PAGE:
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This museum is dedicated to the art of German artist Max Liebermann. At the age of 62, Liebermann decided to acquire a summer residence in what was then the most exclusive villa district of Berlin. In 1909, he purchased one of the last available waterfront plots on Lake Wannsee and started to build this villa and garden.
In 1940, after Max death, his wife Martha, was forced by the National Socialists to sell the plot to the German National Postal ServiceIn, in 1951, the villa was returned to Liebermann’s daughter and in 1997, on the occasion of Max Liebermann’s 150th birthday, the Max Liebermann Society was able to obtain a resolution from the Senate of Berlin that the villa could be used as a museum.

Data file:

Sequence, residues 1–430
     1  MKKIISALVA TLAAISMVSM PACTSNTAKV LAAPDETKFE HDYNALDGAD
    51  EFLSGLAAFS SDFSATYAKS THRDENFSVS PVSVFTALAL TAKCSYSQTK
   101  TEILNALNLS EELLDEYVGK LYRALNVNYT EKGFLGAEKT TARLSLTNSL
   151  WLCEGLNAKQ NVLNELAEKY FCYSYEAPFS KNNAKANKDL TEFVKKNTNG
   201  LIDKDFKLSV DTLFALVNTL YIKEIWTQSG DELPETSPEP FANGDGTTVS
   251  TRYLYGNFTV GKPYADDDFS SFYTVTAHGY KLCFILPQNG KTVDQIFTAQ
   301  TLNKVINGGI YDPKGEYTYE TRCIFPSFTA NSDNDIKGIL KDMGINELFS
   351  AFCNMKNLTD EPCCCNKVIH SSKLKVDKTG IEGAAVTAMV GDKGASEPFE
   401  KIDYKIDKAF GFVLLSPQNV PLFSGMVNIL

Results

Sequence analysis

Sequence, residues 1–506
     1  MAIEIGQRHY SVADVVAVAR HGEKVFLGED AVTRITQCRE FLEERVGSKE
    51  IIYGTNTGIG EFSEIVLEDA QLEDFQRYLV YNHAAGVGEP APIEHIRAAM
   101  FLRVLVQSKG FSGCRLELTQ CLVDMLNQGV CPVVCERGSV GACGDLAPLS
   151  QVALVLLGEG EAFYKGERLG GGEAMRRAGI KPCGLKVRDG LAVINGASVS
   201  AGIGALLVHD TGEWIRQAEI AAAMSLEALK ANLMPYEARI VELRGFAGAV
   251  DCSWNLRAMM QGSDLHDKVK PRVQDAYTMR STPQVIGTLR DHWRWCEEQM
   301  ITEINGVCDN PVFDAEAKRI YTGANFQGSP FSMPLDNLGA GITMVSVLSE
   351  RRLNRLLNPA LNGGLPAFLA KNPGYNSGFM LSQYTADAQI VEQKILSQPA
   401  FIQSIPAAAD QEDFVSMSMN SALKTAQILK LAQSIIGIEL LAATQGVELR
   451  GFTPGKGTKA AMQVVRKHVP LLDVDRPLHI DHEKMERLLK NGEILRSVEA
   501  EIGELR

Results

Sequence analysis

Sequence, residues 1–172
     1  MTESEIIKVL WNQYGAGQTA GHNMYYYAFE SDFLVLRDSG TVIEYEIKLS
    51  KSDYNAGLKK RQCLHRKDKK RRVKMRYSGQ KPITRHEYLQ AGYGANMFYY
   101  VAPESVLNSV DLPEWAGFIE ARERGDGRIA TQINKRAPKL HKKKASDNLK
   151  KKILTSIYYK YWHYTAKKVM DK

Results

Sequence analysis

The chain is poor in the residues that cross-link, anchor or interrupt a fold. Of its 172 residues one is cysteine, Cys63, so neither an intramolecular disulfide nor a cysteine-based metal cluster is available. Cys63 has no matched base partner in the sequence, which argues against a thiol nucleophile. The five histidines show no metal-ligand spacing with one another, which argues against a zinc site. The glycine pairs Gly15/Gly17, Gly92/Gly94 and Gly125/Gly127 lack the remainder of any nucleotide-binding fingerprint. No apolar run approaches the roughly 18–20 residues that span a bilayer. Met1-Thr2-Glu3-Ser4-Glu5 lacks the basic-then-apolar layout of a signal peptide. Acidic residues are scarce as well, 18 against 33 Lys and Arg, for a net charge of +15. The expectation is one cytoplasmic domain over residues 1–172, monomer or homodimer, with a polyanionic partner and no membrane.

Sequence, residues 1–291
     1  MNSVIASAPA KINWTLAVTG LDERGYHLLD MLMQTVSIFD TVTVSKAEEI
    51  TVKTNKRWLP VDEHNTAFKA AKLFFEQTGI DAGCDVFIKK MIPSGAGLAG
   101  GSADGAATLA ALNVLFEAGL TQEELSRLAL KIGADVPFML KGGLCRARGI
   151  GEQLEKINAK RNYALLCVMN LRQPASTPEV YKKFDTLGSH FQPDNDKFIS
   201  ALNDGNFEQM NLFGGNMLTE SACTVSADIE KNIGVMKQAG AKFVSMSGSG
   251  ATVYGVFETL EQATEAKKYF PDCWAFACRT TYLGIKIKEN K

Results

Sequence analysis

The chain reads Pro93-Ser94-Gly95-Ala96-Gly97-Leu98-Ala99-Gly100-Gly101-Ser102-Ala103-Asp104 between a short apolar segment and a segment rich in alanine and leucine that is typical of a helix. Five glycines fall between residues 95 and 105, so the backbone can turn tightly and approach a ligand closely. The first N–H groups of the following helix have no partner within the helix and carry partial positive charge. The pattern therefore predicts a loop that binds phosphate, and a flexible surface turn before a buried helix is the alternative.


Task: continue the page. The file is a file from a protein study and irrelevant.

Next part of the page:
Today the villa serves as Museum and encompasses 154 of Liebermann’s works, which have all been donated to the museum or purchased since 2002. Works featuring the Wannsee gardens as a motif are a thematic focus of the collections, which also includes several portraits of Liebermann by other artists such as Georg Kolbe, Fritz Klimsch, Conrad Felixmüller and Oskar Kokoschka.
In addition to its own small collection, the Liebermann Villa also exhibits a number of paintings on permanent loan from other museums, foundations and private collectors, including the Nationalgalerie, the Berlin City Museum Foundation, the Bühler-Brockhaus Collection and the collection of the Kunstkreis Berlin.
A representative selection of these works is on permanent display in the rooms of the Liebermann Villa, offering visitors a unique opportunity to see Liebermann’s paintings in the setting where they were produced and in direct proximity to the motifs they depict.